In Hick’s Last Stand we witness yet another incarnation of a Last Bavarian Mohican, incoherently staggering across the badlands of South Dakota and Wyoming in white cowboy boots, black leather jacket, and a feather on his hat. Without dialogue, without other players besides Herbert Achternbusch, and with the most minimal narrative progression, the film consists only of an image track over which we hear Hick’s extended monologue, a declaration of love to the absent Mary, occasionally interrupted by songs by Judy Garland, Native American chants, and classical music. Here Achternbusch’s fear of filmically subjugating other countries or people finds its most radical expression: a jerky camera captures endless images of passing trucks, empty landscapes, abandoned houses; frequent zooms and out-of-focus shots suggest the work of a hobby filmer, as does the grainy quality of the image that appears to be blown-up super-eight material. (The credits list Herbert Achternbusch as partly responsible for the camerawork.) This is Indian territory, Hick’s voice reminds us, but, except for a furtive look at a Pow Wow, the natives are absent. “People who cannot endure injustice, will not survive,” he explains. —Gerd Gemündungen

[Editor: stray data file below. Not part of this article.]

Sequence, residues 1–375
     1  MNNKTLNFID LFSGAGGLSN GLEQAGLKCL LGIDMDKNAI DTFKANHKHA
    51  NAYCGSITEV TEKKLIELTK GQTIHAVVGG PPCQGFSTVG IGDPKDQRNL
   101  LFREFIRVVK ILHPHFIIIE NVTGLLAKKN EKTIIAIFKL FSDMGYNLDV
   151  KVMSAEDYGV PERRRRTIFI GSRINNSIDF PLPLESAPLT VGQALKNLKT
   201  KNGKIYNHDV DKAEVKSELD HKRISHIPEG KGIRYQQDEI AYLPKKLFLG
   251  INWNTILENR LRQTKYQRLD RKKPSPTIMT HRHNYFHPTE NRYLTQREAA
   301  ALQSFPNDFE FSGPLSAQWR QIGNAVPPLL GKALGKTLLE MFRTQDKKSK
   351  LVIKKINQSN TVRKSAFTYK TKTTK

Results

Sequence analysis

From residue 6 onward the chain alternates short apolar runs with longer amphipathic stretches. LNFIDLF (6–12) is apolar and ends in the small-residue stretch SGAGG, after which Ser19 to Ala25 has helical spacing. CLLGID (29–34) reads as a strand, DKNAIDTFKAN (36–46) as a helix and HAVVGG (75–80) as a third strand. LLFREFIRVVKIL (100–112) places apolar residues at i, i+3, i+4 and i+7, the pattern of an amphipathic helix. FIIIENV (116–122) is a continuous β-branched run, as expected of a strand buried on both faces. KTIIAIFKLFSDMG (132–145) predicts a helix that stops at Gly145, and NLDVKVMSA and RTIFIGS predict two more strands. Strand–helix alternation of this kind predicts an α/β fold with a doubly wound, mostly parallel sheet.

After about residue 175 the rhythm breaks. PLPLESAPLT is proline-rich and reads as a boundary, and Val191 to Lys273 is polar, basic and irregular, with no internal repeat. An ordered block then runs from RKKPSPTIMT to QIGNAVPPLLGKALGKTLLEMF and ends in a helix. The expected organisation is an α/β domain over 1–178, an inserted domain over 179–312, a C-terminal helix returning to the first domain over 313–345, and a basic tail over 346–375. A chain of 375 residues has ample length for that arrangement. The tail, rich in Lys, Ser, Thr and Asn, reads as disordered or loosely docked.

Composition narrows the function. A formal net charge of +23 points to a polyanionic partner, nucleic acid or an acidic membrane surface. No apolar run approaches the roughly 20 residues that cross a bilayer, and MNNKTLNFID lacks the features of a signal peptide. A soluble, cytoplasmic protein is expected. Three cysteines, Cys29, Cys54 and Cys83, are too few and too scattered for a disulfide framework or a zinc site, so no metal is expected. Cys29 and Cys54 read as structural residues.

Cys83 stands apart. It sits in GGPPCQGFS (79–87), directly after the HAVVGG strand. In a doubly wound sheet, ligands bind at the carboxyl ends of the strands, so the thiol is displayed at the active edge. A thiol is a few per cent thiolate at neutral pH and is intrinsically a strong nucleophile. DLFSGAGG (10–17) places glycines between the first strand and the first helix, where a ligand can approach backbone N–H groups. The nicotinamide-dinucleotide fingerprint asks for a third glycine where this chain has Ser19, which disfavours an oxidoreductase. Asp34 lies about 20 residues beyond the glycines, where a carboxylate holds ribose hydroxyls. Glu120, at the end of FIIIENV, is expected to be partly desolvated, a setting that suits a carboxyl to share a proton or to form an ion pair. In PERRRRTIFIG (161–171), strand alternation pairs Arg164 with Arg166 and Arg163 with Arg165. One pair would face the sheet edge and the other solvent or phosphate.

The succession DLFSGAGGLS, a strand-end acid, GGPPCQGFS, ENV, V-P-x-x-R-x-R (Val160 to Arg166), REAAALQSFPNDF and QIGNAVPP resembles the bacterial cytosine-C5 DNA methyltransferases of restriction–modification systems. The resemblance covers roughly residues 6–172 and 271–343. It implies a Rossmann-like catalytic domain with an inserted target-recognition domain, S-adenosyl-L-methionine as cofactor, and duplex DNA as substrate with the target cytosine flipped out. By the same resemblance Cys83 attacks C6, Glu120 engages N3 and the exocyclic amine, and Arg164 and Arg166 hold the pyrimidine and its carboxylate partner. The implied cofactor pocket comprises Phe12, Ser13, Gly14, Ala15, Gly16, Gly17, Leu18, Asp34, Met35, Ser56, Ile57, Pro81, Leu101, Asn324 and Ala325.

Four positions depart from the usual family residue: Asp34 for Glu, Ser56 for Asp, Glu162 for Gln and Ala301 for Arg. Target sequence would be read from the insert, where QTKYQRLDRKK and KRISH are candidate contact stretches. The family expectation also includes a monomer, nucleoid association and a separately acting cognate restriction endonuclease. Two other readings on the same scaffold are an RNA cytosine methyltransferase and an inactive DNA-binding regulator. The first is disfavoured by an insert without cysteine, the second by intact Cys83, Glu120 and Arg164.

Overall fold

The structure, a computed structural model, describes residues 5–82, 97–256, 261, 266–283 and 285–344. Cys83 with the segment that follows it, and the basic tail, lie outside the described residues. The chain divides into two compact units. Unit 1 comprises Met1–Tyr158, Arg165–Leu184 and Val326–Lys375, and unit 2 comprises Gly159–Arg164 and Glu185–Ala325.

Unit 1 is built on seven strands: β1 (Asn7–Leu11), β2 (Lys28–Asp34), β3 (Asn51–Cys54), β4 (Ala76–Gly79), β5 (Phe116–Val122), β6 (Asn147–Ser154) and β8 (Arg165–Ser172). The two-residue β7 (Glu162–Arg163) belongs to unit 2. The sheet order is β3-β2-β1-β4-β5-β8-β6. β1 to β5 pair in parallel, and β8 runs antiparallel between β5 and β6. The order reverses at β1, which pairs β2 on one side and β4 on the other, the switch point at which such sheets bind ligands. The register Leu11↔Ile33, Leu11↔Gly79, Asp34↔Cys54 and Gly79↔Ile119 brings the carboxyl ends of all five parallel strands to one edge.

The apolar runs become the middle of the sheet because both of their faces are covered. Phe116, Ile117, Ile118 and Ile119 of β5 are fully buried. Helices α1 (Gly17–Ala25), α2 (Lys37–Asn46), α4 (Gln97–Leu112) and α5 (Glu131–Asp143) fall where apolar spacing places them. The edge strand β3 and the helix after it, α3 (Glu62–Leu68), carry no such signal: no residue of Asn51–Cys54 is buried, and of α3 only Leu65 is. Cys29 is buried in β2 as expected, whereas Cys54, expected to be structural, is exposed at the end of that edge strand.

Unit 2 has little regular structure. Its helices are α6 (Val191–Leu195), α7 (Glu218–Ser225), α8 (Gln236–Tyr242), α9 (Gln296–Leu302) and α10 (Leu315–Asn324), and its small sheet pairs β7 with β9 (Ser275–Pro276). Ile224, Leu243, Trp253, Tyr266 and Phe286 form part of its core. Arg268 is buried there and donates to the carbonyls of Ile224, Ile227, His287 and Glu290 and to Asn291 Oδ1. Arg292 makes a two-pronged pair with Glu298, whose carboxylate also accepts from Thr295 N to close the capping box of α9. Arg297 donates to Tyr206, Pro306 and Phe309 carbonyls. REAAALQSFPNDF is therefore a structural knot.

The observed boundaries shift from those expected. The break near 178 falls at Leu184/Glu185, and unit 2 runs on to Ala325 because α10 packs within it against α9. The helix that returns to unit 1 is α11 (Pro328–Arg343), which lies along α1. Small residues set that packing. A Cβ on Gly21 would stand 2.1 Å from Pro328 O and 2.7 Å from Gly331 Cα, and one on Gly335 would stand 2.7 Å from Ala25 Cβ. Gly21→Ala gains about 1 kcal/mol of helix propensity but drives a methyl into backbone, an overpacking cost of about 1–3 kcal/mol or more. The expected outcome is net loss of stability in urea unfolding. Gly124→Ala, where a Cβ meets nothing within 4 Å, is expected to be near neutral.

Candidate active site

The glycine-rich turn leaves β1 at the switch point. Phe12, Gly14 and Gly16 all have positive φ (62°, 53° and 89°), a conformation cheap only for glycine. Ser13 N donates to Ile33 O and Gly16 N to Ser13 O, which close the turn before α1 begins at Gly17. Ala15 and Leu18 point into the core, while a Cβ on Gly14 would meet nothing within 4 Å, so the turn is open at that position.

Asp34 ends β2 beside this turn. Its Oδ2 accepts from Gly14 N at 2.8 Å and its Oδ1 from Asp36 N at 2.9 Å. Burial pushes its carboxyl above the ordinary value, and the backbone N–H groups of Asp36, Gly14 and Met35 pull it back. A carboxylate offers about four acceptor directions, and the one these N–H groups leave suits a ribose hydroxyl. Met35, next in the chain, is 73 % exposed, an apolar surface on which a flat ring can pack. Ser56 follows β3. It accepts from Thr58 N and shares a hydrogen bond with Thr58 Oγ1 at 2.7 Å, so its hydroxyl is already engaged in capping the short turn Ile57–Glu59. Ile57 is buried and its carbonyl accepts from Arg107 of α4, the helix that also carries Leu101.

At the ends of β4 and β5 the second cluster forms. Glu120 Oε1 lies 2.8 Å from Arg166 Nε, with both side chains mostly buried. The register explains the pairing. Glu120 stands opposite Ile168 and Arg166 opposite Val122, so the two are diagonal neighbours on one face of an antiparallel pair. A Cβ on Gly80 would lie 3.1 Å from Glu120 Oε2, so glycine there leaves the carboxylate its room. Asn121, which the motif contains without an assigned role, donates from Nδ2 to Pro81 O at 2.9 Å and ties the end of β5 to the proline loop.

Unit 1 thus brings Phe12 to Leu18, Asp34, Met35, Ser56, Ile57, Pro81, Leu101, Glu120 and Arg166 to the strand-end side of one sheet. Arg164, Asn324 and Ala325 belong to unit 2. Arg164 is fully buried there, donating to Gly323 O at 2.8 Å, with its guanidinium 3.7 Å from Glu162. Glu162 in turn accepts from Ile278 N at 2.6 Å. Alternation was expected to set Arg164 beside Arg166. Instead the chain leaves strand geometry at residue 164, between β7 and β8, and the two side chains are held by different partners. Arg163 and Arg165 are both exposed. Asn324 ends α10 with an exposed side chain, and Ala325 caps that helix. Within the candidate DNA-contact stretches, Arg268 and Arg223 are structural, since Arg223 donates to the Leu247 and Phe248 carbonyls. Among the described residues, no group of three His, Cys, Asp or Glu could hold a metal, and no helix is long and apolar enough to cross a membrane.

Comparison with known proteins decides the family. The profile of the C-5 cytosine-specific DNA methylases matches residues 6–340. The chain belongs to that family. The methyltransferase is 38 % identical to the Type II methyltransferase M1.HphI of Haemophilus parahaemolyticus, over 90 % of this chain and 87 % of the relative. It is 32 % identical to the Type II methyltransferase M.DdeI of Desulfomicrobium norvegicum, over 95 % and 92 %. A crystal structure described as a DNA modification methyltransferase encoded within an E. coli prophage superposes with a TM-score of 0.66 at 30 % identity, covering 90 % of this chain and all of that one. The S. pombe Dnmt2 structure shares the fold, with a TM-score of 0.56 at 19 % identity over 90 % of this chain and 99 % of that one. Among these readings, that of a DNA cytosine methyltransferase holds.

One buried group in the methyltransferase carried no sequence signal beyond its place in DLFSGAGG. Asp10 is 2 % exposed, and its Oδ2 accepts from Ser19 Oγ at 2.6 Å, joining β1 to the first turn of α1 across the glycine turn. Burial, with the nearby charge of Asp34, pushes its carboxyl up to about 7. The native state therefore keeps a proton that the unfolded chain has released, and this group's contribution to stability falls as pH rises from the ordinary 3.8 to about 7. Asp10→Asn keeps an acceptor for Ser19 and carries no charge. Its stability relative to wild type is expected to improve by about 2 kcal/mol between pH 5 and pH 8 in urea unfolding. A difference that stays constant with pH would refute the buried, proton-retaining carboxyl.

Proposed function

Herbert Achternbusch, born November 23, 1938, in Munich, wanted to become a painter and poet after finishing secondary school. But from 1960 to 1962, he consecutively studied at Pädagogische Hochschule München-Pasing, at Nuremberg’s Kunstakademie, and for three semesters at Munich’s Akademie der Bildenden Künste instead. Then, from 1962 on, Achternbusch worked in several jobs before colleagues and friends such as Martin Walser advised him to become a writer rather than a painter.
In 1969, Suhrkamp published “Hülle”, a collection of stories, Achternbusch’s first publication of meanwhile more than 50 books. Shortly after the publication, Achternbusch started to make films on substandard film and became part of the German auteur film scene. Achternbusch then played parts in films by Werner Herzog and Volker Schlöndorff and wrote the screen play to Herzog’s Herz aus Glas (Heart of Glass). —filmportal.de